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How To Buy And Renovate A House



If at all possible, you should avoid overpaying for a fixer-upper. The whole point of buying a house that needs work is getting a good deal on it. Make an offer that strikes a balance between a good deal and the cost of necessary repairs.




how to buy and renovate a house



The right decision on buying a fixer-upper house depends on your unique situation. A fixer-upper house may be a good option for one house shopper and a bad idea for another. Consider your budget, needs, preferences and lifestyle before moving forward on a fixer-upper purchase.


The current state of the housing market may have you expanding your options to try to find a home that you can afford. A fixer-upper that needs some updating and a little love can feel like a welcome alternative to move-in ready houses that go off the market before you can even take a tour.


But buying a fixer-upper requires more careful consideration than a house built or renovated in the last decade. Before you put in a rushed offer on a fixer-upper, know that how you finance the purchase and renovations, plan updates and structure your timeline for construction all play a major role in making your choice the right one. Here's what you need to know.


Before you put your life savings into the run-down house down the block, you need to make a few decisions about your end goal, how you plan to make renovations and what you'll do if problems arise, as they often do.


If you're buying a house knowing that it needs some work, you need to have a clear idea in your head as to whether you see the purchase as an investment that you'll sell or rent out as soon as renovations are complete, or as the house you'll live in for at least a few years.


"People will purchase (a house) like an investment, but treat it like they're going to live in it. You need to know the end goal or exit strategy before you buy it," says Matt Lavinder, president of New Again Houses, a real estate investment company that primarily flips houses, based in Bristol, Tennessee.


If you're buying a fixer-upper to make it a house you'll enjoy living in for at least a few years, the renovations you make can be more personalized to your preference. You can trust that in the long term, real estate appreciates in value, even if you've over-improved compared to the rest of the neighborhood.


Qualifying a house as a fixer-upper could mean anything from it needing a few cosmetic updates to being on the verge of collapse if it doesn't get immediate attention. Before you start shopping for a fixer-upper, determine the extent that you're willing and able to go for the right location and price.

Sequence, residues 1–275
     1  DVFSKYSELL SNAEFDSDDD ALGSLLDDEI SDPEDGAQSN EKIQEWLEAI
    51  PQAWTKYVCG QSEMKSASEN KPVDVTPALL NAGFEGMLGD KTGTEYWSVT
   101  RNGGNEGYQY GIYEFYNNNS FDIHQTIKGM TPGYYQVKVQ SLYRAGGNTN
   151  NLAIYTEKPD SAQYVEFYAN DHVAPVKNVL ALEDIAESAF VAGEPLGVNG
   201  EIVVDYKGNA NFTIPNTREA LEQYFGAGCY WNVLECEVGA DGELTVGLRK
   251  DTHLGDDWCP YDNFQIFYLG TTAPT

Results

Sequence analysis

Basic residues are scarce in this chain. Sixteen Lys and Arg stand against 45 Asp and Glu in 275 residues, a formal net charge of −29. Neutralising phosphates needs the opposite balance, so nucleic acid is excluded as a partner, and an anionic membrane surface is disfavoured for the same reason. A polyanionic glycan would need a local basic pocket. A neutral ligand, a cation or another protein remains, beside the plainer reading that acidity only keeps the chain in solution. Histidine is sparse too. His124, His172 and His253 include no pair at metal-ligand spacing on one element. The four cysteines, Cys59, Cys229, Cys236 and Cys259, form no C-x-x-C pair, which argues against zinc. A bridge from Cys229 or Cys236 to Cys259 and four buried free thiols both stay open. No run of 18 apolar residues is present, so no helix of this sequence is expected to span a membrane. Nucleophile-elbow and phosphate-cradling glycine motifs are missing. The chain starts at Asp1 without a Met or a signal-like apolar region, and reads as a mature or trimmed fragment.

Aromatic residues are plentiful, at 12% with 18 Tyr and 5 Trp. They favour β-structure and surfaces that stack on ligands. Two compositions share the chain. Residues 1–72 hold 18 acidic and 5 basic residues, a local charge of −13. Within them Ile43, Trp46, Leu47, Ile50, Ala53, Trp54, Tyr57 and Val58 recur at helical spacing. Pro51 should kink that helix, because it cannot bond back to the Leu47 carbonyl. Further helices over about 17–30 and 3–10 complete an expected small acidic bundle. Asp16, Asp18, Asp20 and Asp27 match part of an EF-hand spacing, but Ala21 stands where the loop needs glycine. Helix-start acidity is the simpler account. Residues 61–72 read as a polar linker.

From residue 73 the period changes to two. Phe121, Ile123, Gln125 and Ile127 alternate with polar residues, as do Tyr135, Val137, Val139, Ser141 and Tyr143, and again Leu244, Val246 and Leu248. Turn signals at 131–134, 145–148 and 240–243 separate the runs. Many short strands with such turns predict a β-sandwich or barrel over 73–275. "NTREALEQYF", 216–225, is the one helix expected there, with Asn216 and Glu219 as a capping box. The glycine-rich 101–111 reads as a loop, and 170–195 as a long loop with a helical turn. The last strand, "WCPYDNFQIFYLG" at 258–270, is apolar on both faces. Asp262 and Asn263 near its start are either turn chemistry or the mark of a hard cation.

Before putting in an offer on a fixer-upper, you need to have an idea of how you'll finance both your purchase and renovations. You should also know how renovations will be completed, whether that means dedicating all your spare time to working on the house, or hiring a contractor to do the entire project.


In today's market of low housing inventory, construction labor shortages and rising construction material costs, don't expect it to be easy to find a house and renovate it for significantly less than a comparable move-in ready home at market rate.


The median existing home sale price in the U.S. in March was $329,100, according to the National Association of Realtors. Of course, existing homes sold include both move-in ready, recently renovated homes and those that need some love. If you're looking for a fixer-upper, you should be paying less for the property compared to a move-in ready property of similar size nearby, proportional to the work needed.


A fixer-upper loan may be a good option to buy a house that needs some TLC and pay for the repairs needed to turn it into your dream home. These loans are designed to give you the money you need to buy and renovate the home at the same time. Understanding how the different fixer-upper loans work will help you decide the best way to finance your fixer-upper.


The FHA 203(k) loan program insures mortgages made by private lenders approved by the Federal Housing Administration (FHA) to cover the cost of buying the property and fixing it up. You can also refinance with a 203(k) loan to renovate your current home.


Falling in between structural and cosmetic renovations are major additions needed to bring the house in line with its neighbors, such as a family room or third bedroom in a community of three-bedroom homes. Such projects usually cost as much as or more than they return in market value (the exception to this is adding a bathroom, which can be worth twice as much as its cost).


By far the most popular funding choice for a fixer-upper is a renovation loan, either through a home equity line of credit or a mortgage. Home equity lines can generally be borrowed against 90 percent of the equity that the homeowner will have in the house after the repairs and remodeling are completed.


To illustrate: If a person buys a $250,000 fixer-upper with a down payment of $25,000, and the house will be worth $425,000 post-renovation, the homeowner will have $200,000 in equity. Even before the work is done, the borrower is eligible for a $180,000 home equity loan. The interest rate on a home equity loan is about the same as for a mortgage, but only up to about $100,000 in interest is tax deductible.